The Request Object enables Mobile Connect service requests to be passed in a signed JSON object containing the values in the payload table below. The object, encoded as a JWT string is passed to the ID Gateway in the request parameter.

The following points need to be considered for Mobile Connect.

  • When using a signature, the alg header parameter value of the header MUST be set to an appropriate algorithm as defined in JSON Web Algorithms.
  • The Private Key used to sign the content MUST be associated with a Public Key
  • The Public Key used for signature verification must be published in the registered applications JWK set (via the JWKS URI).
  • If there are multiple keys in the referenced JWK set, a kid value MUST be provided.
  • The key usage of the respective keys MUST support signing.

A more detailed introduction to introduction to JSON Web Tokens can be found here.


Creating the JWT

Creation of the Request Object is a multi-step process as detailed below.

1. Create the header

The header describes the signing algorithm, the token type and optionally identifies the signing key. See below for an example Request Object header:

    "alg": "RS256",
    "typ": "JWT",
    "kid": "my_key_id"

The signing algorithm and public key must be declared by registering a JWKS URI (which points to a JSON file storing the keys) and request_object_signing_alg as part of application registration process. Both kid and type are optional. The kid parameter identifies which JWK should be used to verify a signature where multiple keys are registered. The type is only used where multiple different token types may be present.


2. Base64URL the Header

The header should be minified first and then Base 64 URL encoded to ensure that it can be safely transmitted. As an example the header above would be encoded as:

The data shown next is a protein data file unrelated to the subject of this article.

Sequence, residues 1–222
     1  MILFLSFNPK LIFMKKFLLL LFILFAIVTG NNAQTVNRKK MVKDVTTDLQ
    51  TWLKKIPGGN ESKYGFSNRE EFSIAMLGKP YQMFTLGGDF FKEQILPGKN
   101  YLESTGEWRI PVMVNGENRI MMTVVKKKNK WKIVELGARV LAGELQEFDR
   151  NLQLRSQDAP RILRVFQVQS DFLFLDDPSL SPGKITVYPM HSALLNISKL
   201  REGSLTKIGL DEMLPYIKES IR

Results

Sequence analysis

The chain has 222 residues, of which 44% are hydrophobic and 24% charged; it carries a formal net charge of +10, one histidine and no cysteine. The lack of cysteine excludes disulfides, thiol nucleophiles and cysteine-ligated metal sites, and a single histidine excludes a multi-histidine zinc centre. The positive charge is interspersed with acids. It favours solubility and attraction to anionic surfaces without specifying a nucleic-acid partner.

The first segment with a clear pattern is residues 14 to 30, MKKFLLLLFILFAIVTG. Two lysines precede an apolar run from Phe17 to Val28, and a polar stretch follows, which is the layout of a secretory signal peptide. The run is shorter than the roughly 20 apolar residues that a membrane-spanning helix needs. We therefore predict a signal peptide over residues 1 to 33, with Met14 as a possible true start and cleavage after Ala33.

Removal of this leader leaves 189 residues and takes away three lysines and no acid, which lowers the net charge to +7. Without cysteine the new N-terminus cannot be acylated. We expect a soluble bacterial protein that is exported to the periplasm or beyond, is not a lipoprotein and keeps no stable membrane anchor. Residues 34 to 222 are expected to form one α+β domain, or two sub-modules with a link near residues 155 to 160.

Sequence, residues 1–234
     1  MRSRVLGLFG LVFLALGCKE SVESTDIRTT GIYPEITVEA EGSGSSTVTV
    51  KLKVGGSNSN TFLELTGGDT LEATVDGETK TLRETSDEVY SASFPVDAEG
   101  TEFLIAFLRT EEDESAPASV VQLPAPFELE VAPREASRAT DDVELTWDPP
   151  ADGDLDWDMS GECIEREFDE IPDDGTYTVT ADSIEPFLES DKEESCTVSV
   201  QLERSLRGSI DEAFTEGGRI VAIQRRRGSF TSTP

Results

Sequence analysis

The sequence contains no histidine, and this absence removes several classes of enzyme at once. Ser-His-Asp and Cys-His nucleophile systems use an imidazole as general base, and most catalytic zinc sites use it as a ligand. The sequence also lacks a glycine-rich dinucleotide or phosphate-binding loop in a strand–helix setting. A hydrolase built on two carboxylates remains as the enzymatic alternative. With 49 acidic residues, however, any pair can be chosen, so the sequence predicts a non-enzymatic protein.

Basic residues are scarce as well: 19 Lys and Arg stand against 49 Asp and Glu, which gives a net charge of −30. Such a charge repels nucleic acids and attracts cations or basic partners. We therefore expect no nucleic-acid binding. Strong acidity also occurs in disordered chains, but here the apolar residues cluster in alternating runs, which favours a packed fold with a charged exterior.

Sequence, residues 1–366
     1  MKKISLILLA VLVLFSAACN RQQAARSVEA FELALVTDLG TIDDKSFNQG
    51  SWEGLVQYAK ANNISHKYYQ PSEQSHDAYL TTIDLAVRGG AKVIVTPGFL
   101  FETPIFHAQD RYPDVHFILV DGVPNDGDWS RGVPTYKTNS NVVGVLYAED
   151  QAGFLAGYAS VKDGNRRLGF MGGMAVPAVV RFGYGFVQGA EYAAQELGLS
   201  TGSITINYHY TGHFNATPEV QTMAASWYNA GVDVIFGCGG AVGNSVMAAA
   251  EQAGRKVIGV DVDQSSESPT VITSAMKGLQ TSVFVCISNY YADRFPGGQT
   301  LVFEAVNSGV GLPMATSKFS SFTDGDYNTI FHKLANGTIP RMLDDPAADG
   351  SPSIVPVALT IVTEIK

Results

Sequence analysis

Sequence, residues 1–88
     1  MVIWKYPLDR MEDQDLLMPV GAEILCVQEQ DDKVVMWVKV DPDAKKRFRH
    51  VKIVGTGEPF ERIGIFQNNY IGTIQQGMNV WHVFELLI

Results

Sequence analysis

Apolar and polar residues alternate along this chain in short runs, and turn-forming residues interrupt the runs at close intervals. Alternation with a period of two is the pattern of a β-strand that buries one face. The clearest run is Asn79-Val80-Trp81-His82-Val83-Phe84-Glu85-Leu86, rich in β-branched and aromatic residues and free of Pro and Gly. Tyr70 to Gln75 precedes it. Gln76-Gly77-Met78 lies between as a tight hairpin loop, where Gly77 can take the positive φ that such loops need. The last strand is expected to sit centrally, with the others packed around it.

This gives us:

{"alg": "RS256", "typ": "JWT", "kid": "my-key-id"}

Which is encoded as


This is the  Encoded JWS Header .


3. Create the payload

The Request Object payload can have the following parameters:

Name Usage Description
response_type REQUIRED

Must be mc_si_polling or mc_si_async_code. Indicates to the ID Gateway that it should return both an Access Token and an ID Token in response to a Polling Token Request.

client_id REQUIRED

The client_id field obtained from the Discovery response or direct from the operator. Used as the unique client identifier.


Space delimited, case-sensitive ASCII string of the scope values indicating the service being requested. For more information see the Scope values page.

Example: openid mc_atp

version REQUIRED Identifies the Mobile Connect profile version, for SI Polling this must be mc_si_v2.0

String value used to associate a client session with the ID Token. It is passed unmodified from Authorisation Request to ID Token. The value SHOULD be unique per session to mitigate replay attacks. The recommended format is UUID4.

Example: 878aacd7-83f1-4b4f-9582-7347b0a6fa62


Specifies to the IDGW Server whether to prompt the end-user for re-authentication and consent. Values are:

none: Will not display any UI for re-authentication or consent to the user. If the user is not authenticated already, or authentication or consent is needed to process the Authorisation Request, a login_required error is returned.

login: Will prompt the user for re-authentication or consent. If not possible, an error will be returned.

max_age OPTIONAL

Specifies the maximum elapsed time in seconds since the last authentication of the user. If the elapsed time is greater, a re-authentication will be attempted. When this parameter exists in the request, the ID Token will contain the auth_time claim value.

Example: 3600

ui_locales OPTIONAL

Space separated list of user preferred languages and scripts for the UI as per RFC 5646. If a requested locale is not supported then the user interface will be provided in the default language of the ID Gateway.

Example: fr-CA fr en

claims_locales OPTIONAL

Space separated list of user preferred languages and scripts for the claims, defines as per RFC 5646. The parameter is for guidance only and in case a requested locale is not supported then the claims will be provided in the default language of the ID Gateway.

Example: fr-CA fr en

id_token_hint OPTIONAL

Used in conjunction with prompt=none to pass a previously issued ID Token as a hint for the current or past authentication session. If the user is logged in and the ID Token is still valid, then the server returns a positive response, otherwise, it will return a login_error response.

Example: eyJhbGciOiJSUzI1NiIsImtpZCI6IjdlOGFkZmM

login_hint OPTIONAL

An indication to the ID Gateway about what ID to use for login. Using this parameter allows the end-user to skip the login identifier. The values passed will parameter type ('MSISDN:', 'ENCR_MSISDN:' or 'PCR') and the parameter value.

REQUIRED if login_hint_token does not exist.